Hello, everyone, and welcome back to the course, identifying my attacks through logs.
In the last video, we talked about vulnerability scans and their logs.
In this video, we'll talk about brute force attacks and their locks.
The objectives of this video are to review brute force attacks and to identify the brute force attacks using Web server logs.
So what are brute force attacks?
A brute force attack occurs when someone is trying to get access to your system or, in our case, tow our Web page.
It's usually done with multiple log in and password attempts, so the attacker is forcing the authentication
to perform brute force tax. It's common to use dictionaries or leaked information.
A dictionary is just a common password list, and leaked information about users and passwords can obviously make the attack much easier.
If the brute force attacker uses the dictionary, the attacker will take ah lot of guesses and may use a lot of automation.
The leaked information could have the user name and password that the attacker needs, so the attacker may need to try fewer options.
That's why it's really important to change your password after some period of time or when you hear about leaked information from a website that you have an account with
for Web applications, the most common targets are http forms.
Depending on the Web application, the form can use, get or post methods.
You'll see there is a difference between both requests.
If you remember from a WASP, the brute force attack is related to a to the broken authentication.
To see an example of the most common password
in this attack will use our lab.
There is a vulnerable http form.
Some tools will help us to perform the attack.
We'll use the Hydra and Burp community edition.
Here we have the logs of the attack.
Notice the user name and password information on the lock.
There are many different user names and passwords
checking the date and time. It's also possible to see many requests in a short period of time.
One user sent seven requests in less than 10 seconds.
Here you have more than one user name is a target,
So if you're thinking that a user forgot his password,
many user names doesn't make sense.
Also, you have administrator Loggins
for more information Here's the detail of one logline.
Here we can see the typical behavior of a brute force attack.
The first has many requests to log in Web page and a small period of time and different user names and passwords sent.
Here's another example.
In this case on Lee, one user name is the target.
The user name Pablo is the target.
Notice that the behavior is similar.
Many requests in a small period of time from the same I p.
I said before we can use get or post methods.
In the last example, it was easy to identify the user name in the password because of the get method.
Here we have an example of a request using the post method.
Notice that we don't have the user name and the password in the request.
This happens because of the request is in the payload. Later, in, this horse will analyze the http payload.
Since it's a log, let's analyze it.
Check this user Agent
Hydra is a well known tool used to perform brute force attacks.
It's also possible to see we have many requests in a short period of time from the same I p all these requests are to the Log and Web page.
Here we have a post, but the user agent looks normal.
things will not be so easy.
You always need to ask.
Is this an expected behavior?
Small time between requests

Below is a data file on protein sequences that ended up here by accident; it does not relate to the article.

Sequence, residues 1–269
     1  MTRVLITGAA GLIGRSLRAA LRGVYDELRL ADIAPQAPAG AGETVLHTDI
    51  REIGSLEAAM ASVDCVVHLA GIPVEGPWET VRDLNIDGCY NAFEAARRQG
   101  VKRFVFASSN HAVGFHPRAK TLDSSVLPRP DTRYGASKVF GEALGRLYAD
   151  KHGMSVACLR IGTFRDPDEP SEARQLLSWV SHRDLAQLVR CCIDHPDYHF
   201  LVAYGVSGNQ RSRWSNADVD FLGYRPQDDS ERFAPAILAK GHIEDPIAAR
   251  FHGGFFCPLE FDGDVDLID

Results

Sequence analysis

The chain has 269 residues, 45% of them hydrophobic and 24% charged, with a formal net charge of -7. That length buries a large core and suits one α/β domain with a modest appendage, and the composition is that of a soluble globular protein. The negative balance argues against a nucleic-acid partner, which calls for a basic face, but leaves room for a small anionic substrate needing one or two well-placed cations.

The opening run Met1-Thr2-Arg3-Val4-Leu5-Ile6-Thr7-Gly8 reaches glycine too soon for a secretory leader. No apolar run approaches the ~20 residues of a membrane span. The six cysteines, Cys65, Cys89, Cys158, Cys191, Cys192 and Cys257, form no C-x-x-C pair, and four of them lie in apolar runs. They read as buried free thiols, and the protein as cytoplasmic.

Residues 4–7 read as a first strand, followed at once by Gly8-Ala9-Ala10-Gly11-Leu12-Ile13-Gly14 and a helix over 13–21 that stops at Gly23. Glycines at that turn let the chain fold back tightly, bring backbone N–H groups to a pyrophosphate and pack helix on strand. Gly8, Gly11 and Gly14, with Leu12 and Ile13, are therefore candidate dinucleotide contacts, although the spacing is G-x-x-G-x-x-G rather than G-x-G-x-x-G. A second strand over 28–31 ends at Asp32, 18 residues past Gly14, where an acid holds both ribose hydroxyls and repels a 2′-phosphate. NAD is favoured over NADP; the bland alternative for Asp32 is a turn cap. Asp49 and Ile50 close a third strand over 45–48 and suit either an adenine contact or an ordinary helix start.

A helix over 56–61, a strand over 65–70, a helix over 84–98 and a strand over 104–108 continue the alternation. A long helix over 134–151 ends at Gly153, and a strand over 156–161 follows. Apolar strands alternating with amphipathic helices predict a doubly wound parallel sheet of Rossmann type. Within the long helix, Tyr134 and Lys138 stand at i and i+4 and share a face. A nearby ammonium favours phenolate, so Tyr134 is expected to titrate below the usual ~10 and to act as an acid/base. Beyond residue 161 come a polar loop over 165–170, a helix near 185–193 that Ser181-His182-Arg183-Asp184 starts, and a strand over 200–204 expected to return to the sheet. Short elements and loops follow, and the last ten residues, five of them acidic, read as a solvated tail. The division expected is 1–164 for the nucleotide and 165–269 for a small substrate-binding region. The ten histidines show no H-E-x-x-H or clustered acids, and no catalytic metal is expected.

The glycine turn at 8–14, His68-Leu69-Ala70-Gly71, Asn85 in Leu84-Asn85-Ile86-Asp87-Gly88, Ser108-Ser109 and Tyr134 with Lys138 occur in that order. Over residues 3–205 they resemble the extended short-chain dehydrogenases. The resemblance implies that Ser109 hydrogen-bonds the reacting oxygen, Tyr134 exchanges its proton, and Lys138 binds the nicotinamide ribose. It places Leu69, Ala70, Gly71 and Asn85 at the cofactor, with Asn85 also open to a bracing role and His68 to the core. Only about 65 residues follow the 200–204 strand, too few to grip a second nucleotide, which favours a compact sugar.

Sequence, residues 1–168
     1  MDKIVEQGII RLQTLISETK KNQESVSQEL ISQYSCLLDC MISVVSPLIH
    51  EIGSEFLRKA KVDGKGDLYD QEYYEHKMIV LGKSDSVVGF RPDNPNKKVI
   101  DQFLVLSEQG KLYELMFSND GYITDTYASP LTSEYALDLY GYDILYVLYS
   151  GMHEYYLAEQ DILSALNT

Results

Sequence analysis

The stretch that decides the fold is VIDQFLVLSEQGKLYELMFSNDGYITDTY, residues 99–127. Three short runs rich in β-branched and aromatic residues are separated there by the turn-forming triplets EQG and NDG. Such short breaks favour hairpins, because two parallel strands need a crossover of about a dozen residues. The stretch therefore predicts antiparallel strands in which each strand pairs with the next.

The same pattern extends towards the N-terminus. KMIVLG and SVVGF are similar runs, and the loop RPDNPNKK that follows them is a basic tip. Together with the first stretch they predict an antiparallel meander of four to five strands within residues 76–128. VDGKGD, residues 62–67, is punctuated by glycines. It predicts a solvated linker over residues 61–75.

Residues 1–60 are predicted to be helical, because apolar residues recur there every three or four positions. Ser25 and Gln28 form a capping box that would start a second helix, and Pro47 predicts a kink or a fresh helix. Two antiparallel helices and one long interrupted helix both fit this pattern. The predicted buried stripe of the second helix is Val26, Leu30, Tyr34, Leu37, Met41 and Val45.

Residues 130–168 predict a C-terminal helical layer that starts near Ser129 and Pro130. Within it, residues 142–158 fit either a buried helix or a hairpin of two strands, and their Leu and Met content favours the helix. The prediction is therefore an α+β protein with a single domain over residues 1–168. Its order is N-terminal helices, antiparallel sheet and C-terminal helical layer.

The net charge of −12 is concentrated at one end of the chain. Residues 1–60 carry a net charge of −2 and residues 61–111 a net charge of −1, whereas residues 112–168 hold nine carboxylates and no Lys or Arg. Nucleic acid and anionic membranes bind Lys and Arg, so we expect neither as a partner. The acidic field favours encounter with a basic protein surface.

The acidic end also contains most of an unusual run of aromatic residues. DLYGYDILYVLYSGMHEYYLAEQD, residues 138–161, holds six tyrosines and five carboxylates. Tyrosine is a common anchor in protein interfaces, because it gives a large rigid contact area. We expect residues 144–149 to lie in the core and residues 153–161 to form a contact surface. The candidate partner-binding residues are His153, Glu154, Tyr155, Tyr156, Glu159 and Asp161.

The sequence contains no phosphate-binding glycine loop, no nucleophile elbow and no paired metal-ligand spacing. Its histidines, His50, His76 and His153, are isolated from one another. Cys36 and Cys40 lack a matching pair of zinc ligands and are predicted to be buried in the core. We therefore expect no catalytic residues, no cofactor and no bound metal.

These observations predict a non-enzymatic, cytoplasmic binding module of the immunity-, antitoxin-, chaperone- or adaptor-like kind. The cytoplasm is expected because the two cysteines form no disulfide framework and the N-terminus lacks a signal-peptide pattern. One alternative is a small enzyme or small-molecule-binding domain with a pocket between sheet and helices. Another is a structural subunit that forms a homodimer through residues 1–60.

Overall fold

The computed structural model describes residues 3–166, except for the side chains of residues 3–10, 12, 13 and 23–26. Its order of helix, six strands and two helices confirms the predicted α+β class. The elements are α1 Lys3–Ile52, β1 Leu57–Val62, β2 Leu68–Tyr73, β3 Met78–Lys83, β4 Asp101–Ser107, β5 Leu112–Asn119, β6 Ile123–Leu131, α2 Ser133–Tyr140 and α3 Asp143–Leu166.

in the Long and Whip eight Web page looks suspicious.
You can see that the refer and the requested page are the same. This could be someone trying to log in
the user types, the wrong user name or password in the log in pages reloaded.
But could someone type the user name or password in three or four seconds?
Our conclusion is that this is an attack, specifically a brute force attack.
In this video, we used to tools
THC, hydra and Burp Community Edition.
The difference between both is the number of the requests. With hydro. We did many requests in a small period of time.
There are many other tools we can use to perform the brute force attacks, though
let me give you some directions to identify these brute force attacks.
The first is to look for many requests in a small period of time to the log in pages.
The same IP doing many requests is a good indicator of a brute force attack as well.
If your Web application uses get, look for different users or passwords
for post requests, look for the number of the requests and the time.
Don't forget to check the user agents.
Post assessment question.
You could always identify a brute force attack analyzing just the user agent.
Is this information true or false?
This information is false.
The user name would help, but an attacker can change it. As we saw in some examples
for the next question, analyze the log below and identified the I p. Source type of attack
and what the attacker is trying to do.
We can easily identify the source i p address.
The requested page has a log in page, many user name and password combinations and a small period of time.
Usually, Administrator is an important user name.
Why would someone trying to get administrator access to this Web page?
the source I p is trying to perform a brute force attack, and the attack is trying to obtain the administrator password
In today's video, we discussed the brute force attack,
analyze the two types of brute force attacks using both get and post methods and identified the attack analyzing the logs
during the analysis. Look for user agents many requests in a small period of time,
request to the log in Web pages
and suspicious user names like administrator.
In the next video, we'll have a brief review of SQL Injections and will analyze the logs to identify the SQL injections.